Mayor Joe Preston and Police Chief Chris Herridge have both cut to the chase when talking about today’s (Saturday) Freedom Rally in St. Thomas: “We do not want this protest.” It’s the third such rally in less than a month in the region at a time when the province is tightening up restrictions due to a rapid increase in COVID-19 infections. In speaking with Herridge this week, he stressed “should they come here they could face charges. “But if you say ‘no’ to the arena (Memorial Arena, where the protesters are meeting up) they’re going to show up. And, we do not want what happened in Aylmer (where the march through town forced detours at numerous locations).”
It was not your typical venue in which Mayor Joe Preston was able to meet with constituents.
Thursday morning’s face-to-face with frustrated downtown merchants played out along a back alley that every morning is littered with discarded drug paraphernalia and other detritus of the downtrodden.
It’s a habitat for the homeless and those with mental health issues who utilize back doorsteps and alcoves as personal relief stations.
Hidden from passersby on Talbot Street, it’s where staff often find the less fortunate huddled, unconscious or attempting to harm themselves.
It was against this desperate backdrop that a dozen or so core merchants – already pummelled financially by the pandemic – pleaded with Preston to return this stretch of the downtown corridor to a more inviting destination for shoppers.
This past week Dr. Joyce Lock, Southwestern Public Health medical officer of health, issued a Section 22 order under Ontario’s Health Protection and Promotion Act dealing with the need to self-isolate for 14 days if you have symptoms of or are diagnosed with COVID-19. The order covers the health unit’s coverage area which includes St. Thomas along with Oxford and Elgin counties. Dr. Lock, in conjunction with provincial health officials, has been stressing the need to self-isolate for more than four months and the order puts some muscle behind this. Failing to comply could result in a fine of up to $5,000 for every day in which an individual fails to self-isolate. It appears no coincidence the order, which came into effect yesterday (July 24), comes as the region sees a spike in COVID-19 confirmed cases.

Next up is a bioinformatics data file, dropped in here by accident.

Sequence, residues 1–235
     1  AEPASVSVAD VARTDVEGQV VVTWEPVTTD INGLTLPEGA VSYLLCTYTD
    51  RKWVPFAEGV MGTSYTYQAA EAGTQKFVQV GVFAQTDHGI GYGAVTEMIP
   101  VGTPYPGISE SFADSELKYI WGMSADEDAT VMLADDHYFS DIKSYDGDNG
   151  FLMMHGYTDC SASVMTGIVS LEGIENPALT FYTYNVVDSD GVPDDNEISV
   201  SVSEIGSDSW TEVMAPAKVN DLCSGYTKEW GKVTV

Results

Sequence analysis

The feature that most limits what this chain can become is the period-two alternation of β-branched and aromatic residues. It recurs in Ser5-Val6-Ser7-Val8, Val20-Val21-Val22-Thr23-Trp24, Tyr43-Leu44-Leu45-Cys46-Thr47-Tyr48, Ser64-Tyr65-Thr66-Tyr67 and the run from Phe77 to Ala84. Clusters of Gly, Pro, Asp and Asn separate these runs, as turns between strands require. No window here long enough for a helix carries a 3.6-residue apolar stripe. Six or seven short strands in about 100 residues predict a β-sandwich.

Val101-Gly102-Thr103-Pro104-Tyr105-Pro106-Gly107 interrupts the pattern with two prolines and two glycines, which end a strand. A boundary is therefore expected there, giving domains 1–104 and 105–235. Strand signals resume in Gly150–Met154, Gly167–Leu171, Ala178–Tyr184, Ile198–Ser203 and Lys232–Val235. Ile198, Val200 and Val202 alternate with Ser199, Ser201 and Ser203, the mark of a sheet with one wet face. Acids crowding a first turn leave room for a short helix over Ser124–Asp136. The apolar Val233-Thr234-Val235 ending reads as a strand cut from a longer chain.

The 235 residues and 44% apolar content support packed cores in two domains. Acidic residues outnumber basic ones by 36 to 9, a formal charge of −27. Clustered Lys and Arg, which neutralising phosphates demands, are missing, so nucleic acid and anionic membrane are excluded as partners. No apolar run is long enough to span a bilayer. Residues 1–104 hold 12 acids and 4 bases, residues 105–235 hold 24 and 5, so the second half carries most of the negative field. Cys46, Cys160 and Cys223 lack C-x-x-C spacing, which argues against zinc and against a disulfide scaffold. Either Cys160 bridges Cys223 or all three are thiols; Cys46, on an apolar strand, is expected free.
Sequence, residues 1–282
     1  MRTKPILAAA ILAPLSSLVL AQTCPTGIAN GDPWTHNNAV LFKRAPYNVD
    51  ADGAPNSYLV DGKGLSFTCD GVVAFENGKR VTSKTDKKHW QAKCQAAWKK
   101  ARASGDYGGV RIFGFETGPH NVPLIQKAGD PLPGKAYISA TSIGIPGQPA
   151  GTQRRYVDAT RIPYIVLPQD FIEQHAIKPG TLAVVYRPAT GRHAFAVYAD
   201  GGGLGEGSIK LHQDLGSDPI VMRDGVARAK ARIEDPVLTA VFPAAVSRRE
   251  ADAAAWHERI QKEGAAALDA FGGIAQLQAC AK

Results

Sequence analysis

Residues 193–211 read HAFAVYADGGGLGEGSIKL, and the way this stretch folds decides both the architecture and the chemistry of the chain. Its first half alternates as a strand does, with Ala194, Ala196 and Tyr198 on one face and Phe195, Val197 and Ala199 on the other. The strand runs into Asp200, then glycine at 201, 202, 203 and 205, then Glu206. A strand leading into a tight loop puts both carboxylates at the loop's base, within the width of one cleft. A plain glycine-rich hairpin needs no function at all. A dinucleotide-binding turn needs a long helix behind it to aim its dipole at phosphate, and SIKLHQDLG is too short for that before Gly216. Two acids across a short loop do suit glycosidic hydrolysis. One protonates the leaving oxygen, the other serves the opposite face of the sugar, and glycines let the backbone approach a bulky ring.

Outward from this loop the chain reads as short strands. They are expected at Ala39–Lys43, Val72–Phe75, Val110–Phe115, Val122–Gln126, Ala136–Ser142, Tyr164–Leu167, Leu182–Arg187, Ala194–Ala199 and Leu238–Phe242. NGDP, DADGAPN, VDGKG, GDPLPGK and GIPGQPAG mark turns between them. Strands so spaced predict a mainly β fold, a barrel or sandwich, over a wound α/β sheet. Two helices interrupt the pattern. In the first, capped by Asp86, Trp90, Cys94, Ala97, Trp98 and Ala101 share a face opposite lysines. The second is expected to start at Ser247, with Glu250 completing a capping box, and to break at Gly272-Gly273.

Have to admit, we haven’t experienced a week like this since, what, the 2008 financial meltdown? Wall-to-wall coronavirus coverage with the city unveiling its balanced approach to the COVID-19 pandemic and city manager Wendell Graves suggesting the management team likely would not have to declare an emergency. A day later and the Doug Ford government did exactly that. City hall closed, municipal facilities all shuttered. Students on furlough for at least a couple of weeks. Ditto for many of their parents. Have you ever seen traffic on Talbot Street downtown so sporadic? Do you think life will return to normal on April 6? Do you think COVID-19 gives a tinker’s damn about a calendar date?
My, what a difference a few days make in the life of the coronavirus outbreak. From little in the way of inconvenience to scores of cancellations, long lineups in grocery outlets and the mysterious disappearance of toilet paper from many shelves. To get a sense of the state of preparedness at city hall, we talked with city manager Wendell Graves earlier this week. He advised, “Last night (Monday) at city council, I advised them that our management team met with the Director of Public Health (Dr. Joyce Lock) to review what’s happening in the area and we are also upgrading our internal business continuity plans.” To keep on top of the spread of the coronavirus, Graves noted the management team will likely be meeting on a weekly basis. “We’re meeting quite regularly on it now,” advised Graves, “just to make sure that we’ve got a course of action in place.”